So — someone forgot to submit their timesheet. Annoying? Yes. World-ending? Thankfully, no. Mistakes happen, and while a late timesheet can create some problems, there are steps you can take to make things right.
The Big Picture
- It’s an employer’s responsibility to pay workers on time, and to maintain proper records (including timesheets).
- Employees who submit late timesheets could be subject to disciplinary action, but can take swift action to correct the oversight.
- The best way to prevent late timesheets is a solid time tracking system that minimizes human error and streamlines timesheet submission.
So, a timesheet is late. What happens next?
Just because a timesheet is late doesn’t mean an employer has a right to withhold — or even delay — a worker’s wages. Ultimately, it’s the employer’s responsibility to keep track of their workers’ hours.
They’re also required to keep a record of hours worked for a minimum of 3 years, according to federal law. That’s why it’s important to create policies surrounding timesheets and other safeguards to reduce the likelihood of this scenario. For example, automating time tracking with time clock software can ensure hours worked are submitted on time each pay period.
How do you pay an hourly employee when you don’t know how many hours are worked?
Like we mentioned, it’s the employer’s responsibility to make sure an employee is paid for hours worked. But with no timesheet, keeping this record is going to be a problem. If this is your scenario, here are the options
- Option 1: Work with the employee to submit a late timesheet.
- Option 2: Use the employee’s schedule as a reference for work hours.
- Option 3: Ask their supervisor to report their hours worked.
The easiest option is to have employees and supervisors work together to submit the late timesheet. If this isn’t an option, you may want to rely on the employee’s schedule to figure out their hours worked, and then correct discrepancies (such as overpayment) later on. You can also ask their supervisor to report their direct report’s hours worked, since they should have a good idea of when the employee was actually in.
What to Do if You Forget to Submit Your Own Timesheet
If you forget to submit your timesheet, don’t panic. It’s important to navigate the situation with a professional attitude. Everyone makes mistakes, but it takes maturity to own up to it with grace.
So, if your timesheet is late, will you still get paid? Under the Fair Labor Standards Act, an employer can’t deny pay for actual hours worked. That said, a late timesheet submission creates some practical challenges for payroll that may delay your correct payment, or require a recollection of overpayment down the road.
Here’s how to handle the situation so you can get paid the correct amount on time.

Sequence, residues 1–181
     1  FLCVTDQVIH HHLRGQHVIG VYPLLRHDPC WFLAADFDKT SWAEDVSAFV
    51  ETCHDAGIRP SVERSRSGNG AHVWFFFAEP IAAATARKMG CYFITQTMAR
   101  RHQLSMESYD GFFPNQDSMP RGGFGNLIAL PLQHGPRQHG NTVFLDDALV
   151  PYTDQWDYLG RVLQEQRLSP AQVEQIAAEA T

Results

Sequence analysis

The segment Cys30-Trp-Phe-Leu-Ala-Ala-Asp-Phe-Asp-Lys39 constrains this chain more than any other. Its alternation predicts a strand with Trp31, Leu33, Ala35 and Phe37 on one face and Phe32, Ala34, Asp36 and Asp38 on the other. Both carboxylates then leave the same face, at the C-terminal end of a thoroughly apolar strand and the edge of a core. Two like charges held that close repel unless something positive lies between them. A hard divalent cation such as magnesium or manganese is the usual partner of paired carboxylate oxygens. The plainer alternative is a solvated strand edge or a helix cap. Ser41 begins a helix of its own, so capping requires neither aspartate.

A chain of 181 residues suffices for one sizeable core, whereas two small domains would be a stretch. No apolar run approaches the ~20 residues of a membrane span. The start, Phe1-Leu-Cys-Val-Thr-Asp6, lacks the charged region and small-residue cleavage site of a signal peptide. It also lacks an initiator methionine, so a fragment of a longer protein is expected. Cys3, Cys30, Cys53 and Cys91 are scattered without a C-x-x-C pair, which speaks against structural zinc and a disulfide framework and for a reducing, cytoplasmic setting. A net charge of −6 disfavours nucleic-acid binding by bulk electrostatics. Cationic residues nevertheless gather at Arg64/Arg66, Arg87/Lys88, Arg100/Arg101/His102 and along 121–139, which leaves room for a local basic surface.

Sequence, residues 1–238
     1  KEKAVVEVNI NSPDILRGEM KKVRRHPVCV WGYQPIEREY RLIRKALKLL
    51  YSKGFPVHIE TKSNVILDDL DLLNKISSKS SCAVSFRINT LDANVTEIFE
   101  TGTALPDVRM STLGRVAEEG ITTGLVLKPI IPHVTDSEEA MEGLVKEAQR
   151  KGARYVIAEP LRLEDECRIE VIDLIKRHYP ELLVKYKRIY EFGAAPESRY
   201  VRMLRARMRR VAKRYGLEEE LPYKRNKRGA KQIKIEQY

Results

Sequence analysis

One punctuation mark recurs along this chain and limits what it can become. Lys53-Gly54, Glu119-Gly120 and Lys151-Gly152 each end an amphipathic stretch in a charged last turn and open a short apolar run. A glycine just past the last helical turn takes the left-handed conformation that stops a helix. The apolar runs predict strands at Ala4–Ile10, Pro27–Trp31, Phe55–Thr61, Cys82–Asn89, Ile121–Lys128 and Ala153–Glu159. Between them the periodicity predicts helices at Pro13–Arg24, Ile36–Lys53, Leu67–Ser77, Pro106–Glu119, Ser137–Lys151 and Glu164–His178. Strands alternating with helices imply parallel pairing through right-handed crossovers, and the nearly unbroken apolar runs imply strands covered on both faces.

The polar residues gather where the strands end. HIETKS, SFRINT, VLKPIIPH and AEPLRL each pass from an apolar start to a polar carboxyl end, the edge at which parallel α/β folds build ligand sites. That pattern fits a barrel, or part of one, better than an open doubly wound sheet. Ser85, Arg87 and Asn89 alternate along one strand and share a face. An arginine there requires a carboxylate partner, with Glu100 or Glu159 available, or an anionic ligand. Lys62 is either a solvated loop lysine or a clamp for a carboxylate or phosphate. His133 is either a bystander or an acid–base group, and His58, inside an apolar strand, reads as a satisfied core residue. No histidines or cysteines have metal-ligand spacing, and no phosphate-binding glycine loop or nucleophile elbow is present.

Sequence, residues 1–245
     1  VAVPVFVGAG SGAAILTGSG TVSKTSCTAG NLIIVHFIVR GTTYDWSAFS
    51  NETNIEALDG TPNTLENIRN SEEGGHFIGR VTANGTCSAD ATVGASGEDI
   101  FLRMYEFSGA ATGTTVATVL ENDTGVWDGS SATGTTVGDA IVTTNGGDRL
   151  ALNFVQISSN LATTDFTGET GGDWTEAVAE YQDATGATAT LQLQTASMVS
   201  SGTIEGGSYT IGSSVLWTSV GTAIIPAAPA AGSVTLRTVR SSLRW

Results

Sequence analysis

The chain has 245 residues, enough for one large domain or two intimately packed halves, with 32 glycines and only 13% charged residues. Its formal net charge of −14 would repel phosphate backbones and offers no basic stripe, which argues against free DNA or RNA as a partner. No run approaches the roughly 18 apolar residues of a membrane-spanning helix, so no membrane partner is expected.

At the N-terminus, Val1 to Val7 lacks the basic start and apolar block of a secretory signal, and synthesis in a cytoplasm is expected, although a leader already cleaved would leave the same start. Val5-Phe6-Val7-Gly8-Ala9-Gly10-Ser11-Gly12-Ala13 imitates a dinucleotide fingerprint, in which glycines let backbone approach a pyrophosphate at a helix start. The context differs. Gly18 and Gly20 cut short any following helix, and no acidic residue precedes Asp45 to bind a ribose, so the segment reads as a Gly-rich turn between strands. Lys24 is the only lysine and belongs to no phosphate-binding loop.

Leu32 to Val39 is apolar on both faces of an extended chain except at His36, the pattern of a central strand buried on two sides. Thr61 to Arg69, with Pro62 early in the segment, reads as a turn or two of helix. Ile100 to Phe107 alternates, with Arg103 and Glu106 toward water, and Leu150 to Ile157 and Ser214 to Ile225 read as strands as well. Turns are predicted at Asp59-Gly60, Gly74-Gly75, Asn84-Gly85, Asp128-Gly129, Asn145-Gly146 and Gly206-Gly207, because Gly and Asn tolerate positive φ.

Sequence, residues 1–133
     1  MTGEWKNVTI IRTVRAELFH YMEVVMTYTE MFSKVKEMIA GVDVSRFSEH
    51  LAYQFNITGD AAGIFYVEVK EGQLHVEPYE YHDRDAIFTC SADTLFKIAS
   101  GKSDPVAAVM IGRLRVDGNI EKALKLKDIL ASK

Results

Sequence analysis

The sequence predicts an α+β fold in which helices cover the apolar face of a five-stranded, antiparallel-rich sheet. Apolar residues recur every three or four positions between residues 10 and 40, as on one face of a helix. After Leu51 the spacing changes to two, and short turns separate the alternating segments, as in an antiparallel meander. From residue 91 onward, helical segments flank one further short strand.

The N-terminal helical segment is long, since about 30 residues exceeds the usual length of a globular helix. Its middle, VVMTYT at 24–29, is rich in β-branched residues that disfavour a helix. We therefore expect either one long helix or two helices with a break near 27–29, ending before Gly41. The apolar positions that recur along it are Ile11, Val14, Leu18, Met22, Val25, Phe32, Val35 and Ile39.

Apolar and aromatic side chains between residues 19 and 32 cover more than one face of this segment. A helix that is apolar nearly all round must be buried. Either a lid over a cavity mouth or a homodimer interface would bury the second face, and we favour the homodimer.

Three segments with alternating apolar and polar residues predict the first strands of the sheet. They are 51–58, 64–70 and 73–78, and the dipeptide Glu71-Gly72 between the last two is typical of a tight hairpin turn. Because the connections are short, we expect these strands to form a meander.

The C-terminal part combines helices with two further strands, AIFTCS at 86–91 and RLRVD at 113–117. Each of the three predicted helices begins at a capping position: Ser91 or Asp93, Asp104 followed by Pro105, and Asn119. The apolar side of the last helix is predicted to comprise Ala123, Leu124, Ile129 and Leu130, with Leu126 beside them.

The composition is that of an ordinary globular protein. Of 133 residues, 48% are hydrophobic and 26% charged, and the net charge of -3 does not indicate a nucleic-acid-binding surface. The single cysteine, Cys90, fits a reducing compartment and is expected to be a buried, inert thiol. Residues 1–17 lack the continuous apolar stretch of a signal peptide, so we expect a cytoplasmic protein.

Step 1: Notify your supervisor immediately.
It’s best practice to notify your supervisor about your timesheet’s lateness in writing. We recommend sending a polite email. Include an apology for the oversight, as well as an explanation, if necessary.
Step 2: Submit your timesheet promptly.
Better late than never! Be sure to complete your timesheet and submit it as soon as you can. Double-check that your hours are accurately filled out, and include a note, if applicable.
Step 3: Adhere to your company’s policy.
Your employer may have a procedure in place that addresses what to do in the event of late timesheet submissions. Be sure to follow these timekeeping requirements to the letter. For example, you may have to fill out additional paperwork when submitting a timesheet after its due date.
Step 4: Learn from the mistake.
Submit your timesheet late once, it’ll be chalked up to human error. But you’ll want to make sure it doesn’t happen again. Set a timesheet reminder to submit on time, like a recurring calendar notification, to prevent this situation in the future.
What to Do if Your Employee Forgets to Submit Their Timesheet
If your employee forgets to submit their timesheet, act promptly. Hopefully, they’ll remember on their own and reach out to rectify the situation. If not, you’ll need to track it down.
It’s an employer’s responsibility to keep track of hours worked for non-exempt employees. Additionally, you’re legally obligated to pay employees for all hours worked, regardless of their error. We’ll explain more about this later, but first, here are the steps you should take when employees forget their timesheets.
Step 1: Reach out to the employee.
Give your employee a friendly reminder about the missed timesheet submission. Politely ask if the employee needs any assistance to complete or submit the timesheet. Additionally, make sure they have access to the proper resources for timesheet submission (like login credentials for your company’s time tracking software).
Step 2: Set a new deadline.
When you connect with your employee, set a new timeframe to submit their timesheet. For example, if you connect at the beginning of their shift, ask them to submit their hours worked by the end of the day. Set this deadline down in writing so that everyone’s on the same page.
Step 3: Review the late timesheet.
Once your employee submits their timesheet, give a quick once-over. You’ll want to make sure it’s correctly filled out to prevent any further delays. If you notice something is missing, reach out to the employee for clarity before submitting it to your payroll provider.
Step 4: Document what happened.
Once the timesheet has been submitted, you should create a record of what happened. Include the date the employee submitted the timesheet, as well as the date when it was forwarded for payroll processing. This documentation will be helpful if any compliance issues arise, or if this becomes a recurring performance issue.
Step 5: Follow up.
If your timekeeping procedures establish consequences for late submissions, apply them consistently and fairly. Likewise, take the opportunity to coach your employee on the importance of meeting deadlines and ask them to come up with a plan to prevent the situation from happening again.
Why Timesheets Matter
If you’re working with an employee who chronically submits late timesheets, you may start to question the value of timesheets altogether. However, they’re actually pretty important. Here are some of the reasons why.
- Accurate Payroll. While a work schedule tells you when to report to work, timesheets provide a record of the actual hours worked by employees. They help employees get paid for including overtime, breaks, and any other time-related factors that affect compensation for hourly workers.